No specific reasons, just thought it would be killer to have it in the three formats. It [Evil Morgue] is morthvarg's new label. Well, our original self-titled was released by some Los Angeles label, but they never did a good job in it anyways, so when we first met insulter of christ (Nuclear War Now Prd.) he offered to release the cd on vinyl and that's when everything turned out fuckin killer. Since we did not have any copies left of the cd (released by the L.A label) we thought it will be killer to have a second press, since the Lp was sold out really fast and people were asking for more LPs or even cds, so that's why we had to do a second press on E.Morgue. Those bonus tracks from the second press are the tracks from a rehearsal that was released by N.W.N. Productions in a split cdr with some band called, the tracks from the Profanando were recorded at a show we did with Krieg and Noctuary a while ago.

You now have a new album out, called "Cojete A Dios Por El Culo". Is there any one theme or message behind this album as an inspiration - other than antichristian sentiment? How is this new album different from the first? Has there been any kind of progression or change in Morbosidad's style or sound between the first album and the new one? Can you tell us about the experience of recording the Beherit cover song? Why did you choose this (other than the obvious, because it fits your own style) one song in particular? Is it a part of your live set? Do you often play songs by other bands in rehearsal or live?

Just pure evil antichristian sentiment, like every morboso release. It's in the same primitive way, blasphemous and evil as hell. People really like the new assault better then the self titled, it might be the guitar work we did this time, I don't was a goatly experience, by the time we recorded we were wasted as fuck, since it was the last song we recorded for the album...we never thought it would come out this good, cause all the booze and drugs we had consumed before recording it. We wanted to cover one [song] from the mighty "Oath of the Black Blood" in the first place, but did not have to much time to work on it, so since this one [we did] sounded easy, we just tried it for a couple of times before the recording and there it was. No, its not. No, just our shit.

Do you feel satisfied in how your band's sound was captured on this new recording? In my experience bands like yours typically have a live sound that is completely different from what is reproduced on an album...meaning that in a live situation there is an added form of energy that really brings out the violence and anger in the music. Do you enjoy playing live? How has your band been received when you play locally? What was the response like? Do you think the audiences understand what you are trying to do with your music? Do you think of yourselves as primarily a live band, or one that prepares itself mainly for the studio?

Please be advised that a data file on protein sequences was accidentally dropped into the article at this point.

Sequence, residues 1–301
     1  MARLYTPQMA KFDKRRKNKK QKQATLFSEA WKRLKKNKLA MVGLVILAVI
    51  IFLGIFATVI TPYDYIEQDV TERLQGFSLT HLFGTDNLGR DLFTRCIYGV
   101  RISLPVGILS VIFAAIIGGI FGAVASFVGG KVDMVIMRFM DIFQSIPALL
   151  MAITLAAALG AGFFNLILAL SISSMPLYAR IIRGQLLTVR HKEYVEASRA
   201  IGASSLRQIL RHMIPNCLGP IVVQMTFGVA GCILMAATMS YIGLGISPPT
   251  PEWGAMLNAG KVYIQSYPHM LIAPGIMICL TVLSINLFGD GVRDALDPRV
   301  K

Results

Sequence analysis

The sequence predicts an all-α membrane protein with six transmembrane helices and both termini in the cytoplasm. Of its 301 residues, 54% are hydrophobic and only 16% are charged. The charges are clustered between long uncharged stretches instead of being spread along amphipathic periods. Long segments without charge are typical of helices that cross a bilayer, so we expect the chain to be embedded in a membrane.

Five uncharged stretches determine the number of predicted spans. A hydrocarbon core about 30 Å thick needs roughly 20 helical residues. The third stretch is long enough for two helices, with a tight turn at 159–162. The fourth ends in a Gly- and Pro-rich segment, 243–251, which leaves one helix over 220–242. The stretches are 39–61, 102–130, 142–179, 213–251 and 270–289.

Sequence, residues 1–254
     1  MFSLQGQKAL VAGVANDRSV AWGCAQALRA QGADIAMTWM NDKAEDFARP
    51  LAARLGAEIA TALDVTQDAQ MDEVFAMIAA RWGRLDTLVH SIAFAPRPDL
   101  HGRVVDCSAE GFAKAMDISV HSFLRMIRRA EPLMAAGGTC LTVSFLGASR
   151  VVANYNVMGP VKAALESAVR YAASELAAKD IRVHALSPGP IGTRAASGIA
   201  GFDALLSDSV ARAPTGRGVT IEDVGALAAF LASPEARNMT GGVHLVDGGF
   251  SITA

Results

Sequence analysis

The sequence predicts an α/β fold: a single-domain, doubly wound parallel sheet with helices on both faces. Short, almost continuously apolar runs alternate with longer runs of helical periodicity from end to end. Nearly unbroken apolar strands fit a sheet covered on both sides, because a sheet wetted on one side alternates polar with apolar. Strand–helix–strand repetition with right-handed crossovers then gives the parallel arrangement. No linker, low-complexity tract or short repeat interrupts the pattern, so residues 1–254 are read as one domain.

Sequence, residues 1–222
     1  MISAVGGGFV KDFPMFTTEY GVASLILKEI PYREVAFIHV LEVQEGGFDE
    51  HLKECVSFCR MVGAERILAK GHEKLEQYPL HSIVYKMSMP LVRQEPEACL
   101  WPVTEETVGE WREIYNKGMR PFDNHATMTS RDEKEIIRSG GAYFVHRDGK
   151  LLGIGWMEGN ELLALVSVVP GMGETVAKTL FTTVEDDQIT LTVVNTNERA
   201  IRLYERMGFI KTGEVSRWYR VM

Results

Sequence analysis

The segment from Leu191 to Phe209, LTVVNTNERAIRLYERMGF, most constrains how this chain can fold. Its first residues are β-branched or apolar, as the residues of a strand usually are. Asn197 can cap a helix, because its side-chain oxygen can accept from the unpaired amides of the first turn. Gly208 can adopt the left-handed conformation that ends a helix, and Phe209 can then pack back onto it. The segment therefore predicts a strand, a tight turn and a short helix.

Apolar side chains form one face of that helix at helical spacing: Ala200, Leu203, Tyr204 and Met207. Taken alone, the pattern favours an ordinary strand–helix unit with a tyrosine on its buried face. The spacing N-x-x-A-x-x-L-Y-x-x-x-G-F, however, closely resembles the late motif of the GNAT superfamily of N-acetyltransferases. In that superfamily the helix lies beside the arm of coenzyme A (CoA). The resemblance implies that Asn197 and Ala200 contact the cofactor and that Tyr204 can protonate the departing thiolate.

Not really satisfied but I'm ok with it. We could have done it way better but time killed us all. Doing live desecrations is fuckin good, also depending on the venues or bands, a live show is when you get to see the real potential of a band. Good, people who worship the morboso cult are true supporters. The response has been killer, we always put [on] a killer show so komrades and maybe some new people enjoy the brutality of the set. Some of them understand. We deliver the same potential live as in the recording, come and see us someday and then you will see that we are not just a recording band, people get surprised the way we sound live cause [it] is totally similar to the sound we deliver on the cd, pure hate.

Who writes the music in Morbosidad? Is it a group effort? How often do you rehearse? Do you get to collaborate on specific parts or do individual members write riffs and then piece them together in rehearsal? What about the lyrics - is this a group effort or the work of a single individual? Are there certain advantages to writing in Spanish? Does this practice reflect an "image" you want to present of the band, as a specifically Spanish-speaking group (making it a little more "obscure" for English-speaking people), or is it just a natural way for you to write? Do you often get requests for translating the lyrics?

We do it all together. We rehearse three times a week. N'Death might come with a riff and then we listen to it and if it sounds good we leave it like that...if not then we figure out how to make it sound more evil, and we might change something. I do write the lyrics. No, no advantages, the reason I write my lyrics in spanish is cause our language is unique, primitive and makes our music sound more original and obscure. Well back then yes,it was ok to be all mexicans but not anymore, like right now we might ended up having a white guy on the drums, I don't care as long as he is fuckin good, worship the morboso and dedicate his time 666% I'm cool with that. It's just a primitive way to write lyrics. No, not really, true komrades don't care at all [about the lyrics], all they see in the morboso cult is the evil brutality and that's what's important.

Do you think of music as a form of propaganda? Are you actively trying to persuade/seduce your audience to take up and affirm your own convictions? Do you have any antichristian activities outside of the band? Do you think metal music is an effective way of changing people's minds about fundamental issues such as religion, belief, politics, etc.? Do you disagree with this, and just think of it as being entertainment, or a sort of "neutral" art?

No, it's up to them. I wish I had, but my day job and the band keeps me busy all the time. Fuck yeah, music opens your evil mind to a new ways of life. Extreme music is everything.

Well, that's all I really have to ask you at this time...please add anything else here that you would like our readers to see or know about your band. Thanks for your support, and for answering this short interview...

Short??? I listened to Vulcano, Masacre (colombia), Beherit, Incubus (Serpent Temptation) and I don't have it done it yet, jeje. Well, 666 immortal hailz for your support and for the interview, BEAST of luck with the zine and bestial salutes to all demons who read this,